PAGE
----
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The bar industry’s wish list for 2019

After sharing what they want left behind in 2018, industry experts share their hopes for 2019. By Holly Graham and Elysia Bagley.

Sustainability, community, health and wellbeing

(East Imperial China brand ambassador)
“I hope the industry will focus more on personal health, and pay more attention toward environmental protection. We need more industry exchanges to make the whole industry better, and then more people will join and value the environment.”

(Hope & Sesame, Guangzhou)
“I want is to see more craft spirits made in China and more bartenders joining masterclasses – especially when they’re done by passionate and talented people. But that also means these events need to be more meaningful, as it has to be win-win for the brands and the bar teams.”

(Proof & Co)
“We need more bars looking into sustainability programs and more brands involved in community building – and not just in Beijing and Shanghai – and more collaborations between brands. I’d also like to see people respecting and understanding the classics, but not be afraid to tap into new, unknown territory. Also, stop posting irresponsible information on WeChat – education starts from the basics, so people should stop passing the wrong information to young bartenders. Drink smart, learn well, stay healthy, be happy.”

(SEA brand ambassador for Monkey Shoulder)
“A few things that we have already begun to ditch are single use plastics and straws, which, when I think back to my days as a full time bartender, looking down at the end of the night into a sink packed with black plastic straws that I had used for quality control checks, I shiver at the thought of what I and many others must have been doing to the environment.”

Service, hospitality and getting back to basics

(The Union Trading Company, Shanghai)
“How many bars in China have you seen that have a 200k bottle of whisky, or the whole collection of Chichibu, but the staff are undertrained and overworked and Jack Daniels is listed under American bourbon? I hope to see more well-trained staff, a higher level of professionalism and for people to stop with the ‘my whisky bottle is more expensive than yours’ dick-measuring contest. Plus, stop asking what the ‘cocktail trends’ are – trends are exactly that, trends. They come and go, but classics never die, good old-fashioned hospitality never dies, hard work never dies – clarified drinks do.”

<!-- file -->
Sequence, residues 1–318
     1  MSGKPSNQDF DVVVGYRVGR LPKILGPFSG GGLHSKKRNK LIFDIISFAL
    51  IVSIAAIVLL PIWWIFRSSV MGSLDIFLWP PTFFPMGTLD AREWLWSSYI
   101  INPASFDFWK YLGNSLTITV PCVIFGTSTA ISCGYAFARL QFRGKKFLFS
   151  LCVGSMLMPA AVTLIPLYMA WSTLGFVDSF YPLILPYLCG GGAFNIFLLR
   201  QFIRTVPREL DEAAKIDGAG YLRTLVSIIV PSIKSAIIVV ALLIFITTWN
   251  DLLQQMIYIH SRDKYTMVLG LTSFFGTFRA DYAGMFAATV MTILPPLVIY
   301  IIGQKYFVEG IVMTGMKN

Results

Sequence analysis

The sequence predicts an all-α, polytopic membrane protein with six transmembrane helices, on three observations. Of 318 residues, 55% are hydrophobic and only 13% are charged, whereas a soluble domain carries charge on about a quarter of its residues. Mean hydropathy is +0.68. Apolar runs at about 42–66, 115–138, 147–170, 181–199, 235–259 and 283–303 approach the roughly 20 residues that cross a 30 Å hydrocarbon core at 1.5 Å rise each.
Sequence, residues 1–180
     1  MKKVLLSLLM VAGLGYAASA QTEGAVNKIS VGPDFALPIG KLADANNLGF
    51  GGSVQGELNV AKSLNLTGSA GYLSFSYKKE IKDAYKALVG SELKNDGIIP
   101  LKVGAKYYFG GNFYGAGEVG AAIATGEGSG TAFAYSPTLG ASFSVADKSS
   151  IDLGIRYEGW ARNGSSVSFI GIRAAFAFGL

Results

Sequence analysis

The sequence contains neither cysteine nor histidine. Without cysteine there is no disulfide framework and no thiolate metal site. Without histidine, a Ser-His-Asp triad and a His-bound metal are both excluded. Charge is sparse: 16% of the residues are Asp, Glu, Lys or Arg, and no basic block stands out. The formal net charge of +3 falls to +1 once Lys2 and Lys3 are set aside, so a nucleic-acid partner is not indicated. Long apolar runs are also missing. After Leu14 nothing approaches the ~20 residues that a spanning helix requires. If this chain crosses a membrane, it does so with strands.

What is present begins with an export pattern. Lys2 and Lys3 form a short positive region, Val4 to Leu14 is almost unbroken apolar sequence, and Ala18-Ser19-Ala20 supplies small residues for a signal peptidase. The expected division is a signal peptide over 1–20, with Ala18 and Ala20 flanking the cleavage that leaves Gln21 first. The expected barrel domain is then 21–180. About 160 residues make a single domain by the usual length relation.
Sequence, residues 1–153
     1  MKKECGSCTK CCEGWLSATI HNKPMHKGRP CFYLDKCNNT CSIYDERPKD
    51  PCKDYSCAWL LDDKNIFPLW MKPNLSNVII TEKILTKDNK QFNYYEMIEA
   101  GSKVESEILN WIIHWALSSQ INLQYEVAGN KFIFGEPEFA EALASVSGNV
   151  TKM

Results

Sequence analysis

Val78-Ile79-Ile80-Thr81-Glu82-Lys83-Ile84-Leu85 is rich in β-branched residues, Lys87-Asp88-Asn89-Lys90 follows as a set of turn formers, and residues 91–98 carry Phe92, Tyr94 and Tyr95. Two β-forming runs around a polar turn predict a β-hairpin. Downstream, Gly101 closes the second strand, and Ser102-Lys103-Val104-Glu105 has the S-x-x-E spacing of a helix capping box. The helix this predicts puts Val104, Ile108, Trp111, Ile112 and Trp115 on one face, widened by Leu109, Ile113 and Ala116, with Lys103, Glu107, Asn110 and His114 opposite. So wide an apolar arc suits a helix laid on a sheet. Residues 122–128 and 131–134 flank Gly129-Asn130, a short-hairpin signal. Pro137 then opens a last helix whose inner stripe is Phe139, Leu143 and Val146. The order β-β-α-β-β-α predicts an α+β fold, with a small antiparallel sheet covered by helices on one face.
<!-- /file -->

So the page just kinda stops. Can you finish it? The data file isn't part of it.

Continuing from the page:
(Spirits Box, China)
“I’d like to see a focus on hospitality and service – we are in the industry of hospitality. Making sure every guest feels welcome, engaging in what they’re drinking and the overall atmosphere of your bar. Perfecting the basics goes such a long way – build a strong foundation of classics, techniques and service. Learn from different styles and mentors, and learn to adapt!”

(JungleBird, Kuala Lumpur)
“This is massively generic, but I’d like to see better general customer service in 2019. I had a nose turned up at me for ordering a Mojito the other week. I like a Mojito. When made well, it’s a good drink. Let’s not pretend that because we’re more informed that we’re better than our guests.”

Education and the next generation 

(EQUIS, Beijing)